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Wednesday, 13 December, 2000, 18:57 GMT
Little weed in science landmark
A small weed has made history by becoming the first plant to have its entire genetic code read by scientists.

Arabidopsis thaliana, or thale cress as it is commonly known, may not be the most exciting plant to look at, but researchers believe the information hidden in its DNA will have a profound impact on all our lives.

Plants are fundamental to all ecosystems in the world - they are the energy inputs of those systems

Dr Ottoline Leyser, UK Arabidopsis researcher
From the genes in this plant, which will grow happily on waste ground by the side of the road, scientists have already learned how to protect wheat from disease and to double the yield of oilseed rape.

But having the complete "life code" of Arabidopsis thaliana will not only accelerate discovery in plant biology, it may even give researchers new insight into human health - some of the plant's genes look very similar to the faulty genes that cause disease in us.

The decoding work, which has taken more than four years of intensive study and cost $60-70m, was a collaborative effort involving laboratories across the globe.

Landmark in science

At separate conferences in different world capitals, the scientists involved attempted to sum up the significance of their work.

Dr Daphne Preuss, assistant professor of genetics and cell biology at the University of Chicago, who helped oversee the US contribution to the research, said: "This landmark achievement means that every lab around the world working with Arabidopsis, as well as any other flowering plant, will be doing their science faster, easier and in a more thorough way."

In the UK, researchers suggested that the plant genome was arguably more important than the human genome which is soon to be completed.

"Plants are fundamental to all ecosystems in the world - they are the energy inputs of those systems," said Dr Ottoline Leyser, from the Genomic Arabidopsis Resource Network, York University.

"But even if you take a human-centric view, the plant genome is still more important because far more people die from malnutrition than die from the diseases the human genome will help target."

Four letters spell life

To decode the Arabidopsis genome, researchers had to read the 115 million chemical "letters" strung out along the DNA spirals in the plant's cells. The DNA itself is wound on to five separate structures, or chromosomes.

The research has been published in the journal Nature
Written in the code, the researchers believe, are more than 25,000 genes, the templates that cells use to make proteins.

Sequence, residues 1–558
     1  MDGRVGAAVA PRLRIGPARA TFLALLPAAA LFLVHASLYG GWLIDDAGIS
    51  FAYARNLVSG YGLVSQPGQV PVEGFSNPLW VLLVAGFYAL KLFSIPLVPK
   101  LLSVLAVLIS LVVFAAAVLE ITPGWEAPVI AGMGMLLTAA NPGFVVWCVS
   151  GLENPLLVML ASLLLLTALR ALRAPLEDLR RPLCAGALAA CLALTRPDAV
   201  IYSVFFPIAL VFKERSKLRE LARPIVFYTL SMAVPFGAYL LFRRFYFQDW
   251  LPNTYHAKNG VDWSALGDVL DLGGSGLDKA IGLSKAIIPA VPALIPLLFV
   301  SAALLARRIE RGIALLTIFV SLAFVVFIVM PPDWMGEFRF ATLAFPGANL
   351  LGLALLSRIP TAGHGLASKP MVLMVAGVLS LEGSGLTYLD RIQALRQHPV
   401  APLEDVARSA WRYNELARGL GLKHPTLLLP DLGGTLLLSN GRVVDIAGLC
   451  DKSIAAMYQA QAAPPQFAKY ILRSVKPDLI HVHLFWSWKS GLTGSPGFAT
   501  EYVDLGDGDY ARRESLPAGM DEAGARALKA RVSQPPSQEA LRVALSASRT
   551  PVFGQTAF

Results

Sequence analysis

These are the large molecules that build and maintain the plant, that determine its life cycle from germination to seed production.

One of the most surprising findings to come out of the research is just how much the Arabidopsis genome repeats itself. Less than half of its DNA is unique - the rest is copied at least once somewhere else in the genome.

Nevertheless, the Arabidopsis thaliana genome is small. The human genetic package, for example, is over 25 times as big.

Economic value

Even among plants, Arabidopsis is tiny - its genome is nearly 1/20th the size of maize. Indeed, its smallness was one of the main reasons why the lowly weed was chosen for the international decoding project.

Arabidopsis profile
Common names include thale cress or mouse eared cress
Belongs to the Brassicaceae (mustard or crucifer) family
A few centimetres high
Has a rapid life cycle (6 weeks) and prolific seed production
Likes a temperate climate and open free-draining ground
Frequently found growing on wasteland by carparks and railway sidings
But its short life cycle and prolific seed production have also helped to make the plant a popular and convenient model in which to test ideas in laboratory work.

And now, by decoding the complete sequence, scientists are in a better position to modify and improve other plants that have economic value, such as soyabean and maize.

This could help make them less prone to disease and more resilient in growing conditions that are less than favourable. It is likely also to result in foods that last longer on supermarket shelves, are lower in fat or higher in protein, or which simply taste better. Plants will give us new materials and novel drug products.

Scientists will also want to compare the Arabidopsis sequence to other fully (or largely) sequenced genomes, including those of yeast, fruit flies and even humans.

Knowing the locations and functions of Arabidopsis genes can help researchers pinpoint similar human genes and learn more about the causes of disease.

How the code was cracked
Its simple genome made the plant a good choice for sequencing
Prof Mike Bevan, European co-ordinator
Our work is as important as the human genome research
The BBC's John Duce
It will give us insight into the shared genetics of all living things

Arabidopsis details

Arabidopsis in action
See also:

26 Jun 00 | Science/Nature
23 Mar 00 | Science/Nature
10 Dec 98 | Science/Nature
14 Dec 00 | Science/Nature
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